When a storm left a home for teen mothers facing nearly $9,000 expenses, Larry Miller stepped up. The project Miller created while coaching in Landmark’s Self-Expression and Leadership Program took care of Cocoon houses expenses and more, catching the eye of the Daily Herald newspaper of northwestern Washington state.
Cocoon House has two facilities: a shelter for homeless youth in Snohomish County, and a house for teen mothers and their children in Arlington. The storm took out much of a large fence surrounding the house and left the organization facing a huge budget hole. Miller found a number of ways to help the group, which didn’t have staff trained to repair the fence.
First Miller, a trained carpenter, got a deal on local supplies and recruited volunteers to help. Then he put together a crowdfunding campaign to raise $1,700 in supplies, and got the rest donated from local businesses. The work Miller oversaw went beyond the fence and into landscaping the property. He is now working to assist with additional construction projects and coordinate hiking trips for teens from the shelter.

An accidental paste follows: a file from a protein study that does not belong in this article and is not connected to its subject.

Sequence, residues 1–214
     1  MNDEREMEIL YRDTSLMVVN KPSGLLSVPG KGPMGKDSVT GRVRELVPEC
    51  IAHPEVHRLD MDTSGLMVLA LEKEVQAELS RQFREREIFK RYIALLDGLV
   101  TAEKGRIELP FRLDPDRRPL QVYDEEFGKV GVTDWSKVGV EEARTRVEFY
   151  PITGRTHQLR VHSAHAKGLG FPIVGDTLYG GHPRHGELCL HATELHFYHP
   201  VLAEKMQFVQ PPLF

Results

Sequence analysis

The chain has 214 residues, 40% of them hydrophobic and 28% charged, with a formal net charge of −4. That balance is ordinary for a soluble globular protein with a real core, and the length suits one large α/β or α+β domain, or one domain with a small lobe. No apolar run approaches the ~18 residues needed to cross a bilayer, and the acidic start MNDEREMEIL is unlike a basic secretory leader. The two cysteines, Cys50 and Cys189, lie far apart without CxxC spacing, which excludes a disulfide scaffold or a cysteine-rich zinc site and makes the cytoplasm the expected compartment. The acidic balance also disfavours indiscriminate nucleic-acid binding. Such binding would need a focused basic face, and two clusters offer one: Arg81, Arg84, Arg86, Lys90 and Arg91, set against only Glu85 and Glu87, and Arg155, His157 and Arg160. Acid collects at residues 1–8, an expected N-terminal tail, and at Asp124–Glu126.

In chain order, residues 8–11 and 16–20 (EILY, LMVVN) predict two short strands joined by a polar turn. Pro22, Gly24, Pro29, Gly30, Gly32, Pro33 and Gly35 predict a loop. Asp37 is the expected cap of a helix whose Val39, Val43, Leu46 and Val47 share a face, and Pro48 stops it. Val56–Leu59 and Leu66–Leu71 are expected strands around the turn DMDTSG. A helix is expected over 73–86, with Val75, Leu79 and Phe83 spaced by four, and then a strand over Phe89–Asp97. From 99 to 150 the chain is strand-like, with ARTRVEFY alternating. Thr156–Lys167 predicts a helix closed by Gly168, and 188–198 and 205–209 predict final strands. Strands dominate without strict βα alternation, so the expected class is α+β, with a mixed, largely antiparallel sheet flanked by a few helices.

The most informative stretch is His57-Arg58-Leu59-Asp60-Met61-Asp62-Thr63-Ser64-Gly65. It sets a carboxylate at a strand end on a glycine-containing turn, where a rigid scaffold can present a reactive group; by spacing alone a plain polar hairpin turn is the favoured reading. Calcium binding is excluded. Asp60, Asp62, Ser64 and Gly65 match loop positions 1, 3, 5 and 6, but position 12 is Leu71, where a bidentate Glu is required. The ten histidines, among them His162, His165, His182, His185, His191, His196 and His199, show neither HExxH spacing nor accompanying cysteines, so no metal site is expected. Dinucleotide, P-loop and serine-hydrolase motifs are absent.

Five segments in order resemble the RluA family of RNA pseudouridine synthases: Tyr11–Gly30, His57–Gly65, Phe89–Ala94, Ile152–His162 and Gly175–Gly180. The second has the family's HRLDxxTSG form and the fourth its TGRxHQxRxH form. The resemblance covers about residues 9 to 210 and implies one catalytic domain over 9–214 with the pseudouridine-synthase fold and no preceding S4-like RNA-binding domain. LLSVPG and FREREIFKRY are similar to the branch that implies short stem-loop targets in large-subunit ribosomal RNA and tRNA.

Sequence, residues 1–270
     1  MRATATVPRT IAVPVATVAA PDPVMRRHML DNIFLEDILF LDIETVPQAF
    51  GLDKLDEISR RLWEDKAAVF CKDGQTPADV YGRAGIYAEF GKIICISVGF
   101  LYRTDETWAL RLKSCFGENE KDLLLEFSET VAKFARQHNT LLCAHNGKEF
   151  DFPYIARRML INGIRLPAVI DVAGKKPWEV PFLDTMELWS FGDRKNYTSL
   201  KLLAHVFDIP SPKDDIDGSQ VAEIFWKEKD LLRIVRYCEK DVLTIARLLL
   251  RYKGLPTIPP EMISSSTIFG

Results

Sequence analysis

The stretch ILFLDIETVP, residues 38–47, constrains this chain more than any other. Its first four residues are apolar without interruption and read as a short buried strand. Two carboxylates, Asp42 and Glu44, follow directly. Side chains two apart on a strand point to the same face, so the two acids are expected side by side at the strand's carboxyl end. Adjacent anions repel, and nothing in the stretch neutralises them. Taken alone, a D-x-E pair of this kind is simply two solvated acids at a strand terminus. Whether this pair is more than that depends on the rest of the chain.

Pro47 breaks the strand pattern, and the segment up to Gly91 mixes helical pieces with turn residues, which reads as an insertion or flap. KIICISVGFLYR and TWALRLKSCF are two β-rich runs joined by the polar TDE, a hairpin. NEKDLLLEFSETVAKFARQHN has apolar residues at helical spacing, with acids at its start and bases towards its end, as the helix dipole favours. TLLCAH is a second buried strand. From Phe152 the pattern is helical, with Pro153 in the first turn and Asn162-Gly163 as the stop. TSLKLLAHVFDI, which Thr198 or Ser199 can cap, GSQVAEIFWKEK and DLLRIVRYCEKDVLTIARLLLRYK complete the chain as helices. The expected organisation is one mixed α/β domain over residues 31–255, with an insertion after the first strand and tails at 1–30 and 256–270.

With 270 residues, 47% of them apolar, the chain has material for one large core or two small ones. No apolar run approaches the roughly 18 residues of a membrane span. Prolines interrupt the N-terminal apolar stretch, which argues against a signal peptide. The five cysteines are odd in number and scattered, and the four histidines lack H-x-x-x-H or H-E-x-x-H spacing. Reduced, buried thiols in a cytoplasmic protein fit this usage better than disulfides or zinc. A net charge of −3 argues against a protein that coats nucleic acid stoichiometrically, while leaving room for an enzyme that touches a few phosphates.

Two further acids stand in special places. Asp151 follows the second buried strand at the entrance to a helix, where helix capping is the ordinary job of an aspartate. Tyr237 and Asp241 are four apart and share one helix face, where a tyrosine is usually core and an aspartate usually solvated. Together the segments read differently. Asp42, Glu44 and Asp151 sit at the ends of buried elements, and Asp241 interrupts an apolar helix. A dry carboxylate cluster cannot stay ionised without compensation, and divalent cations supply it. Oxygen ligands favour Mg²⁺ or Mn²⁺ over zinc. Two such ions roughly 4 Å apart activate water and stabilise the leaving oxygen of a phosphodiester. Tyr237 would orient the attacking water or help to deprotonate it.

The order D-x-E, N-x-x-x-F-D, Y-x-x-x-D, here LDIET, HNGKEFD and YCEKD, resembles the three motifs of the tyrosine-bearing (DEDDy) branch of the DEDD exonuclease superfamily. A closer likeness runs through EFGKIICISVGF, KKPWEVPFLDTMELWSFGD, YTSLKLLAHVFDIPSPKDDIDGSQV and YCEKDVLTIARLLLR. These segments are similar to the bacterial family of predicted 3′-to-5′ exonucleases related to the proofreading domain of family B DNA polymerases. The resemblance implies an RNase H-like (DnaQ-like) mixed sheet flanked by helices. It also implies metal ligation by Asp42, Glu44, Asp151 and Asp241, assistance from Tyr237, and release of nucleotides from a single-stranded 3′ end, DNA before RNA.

Next, he is arranging another crowdfunding campaign to buy coats for the teens and the kids.
“He’s blowing us away with his ability to contribute and his self-driven nature, month after month,” said Cocoon House volunteer coordinator Marty Shaw.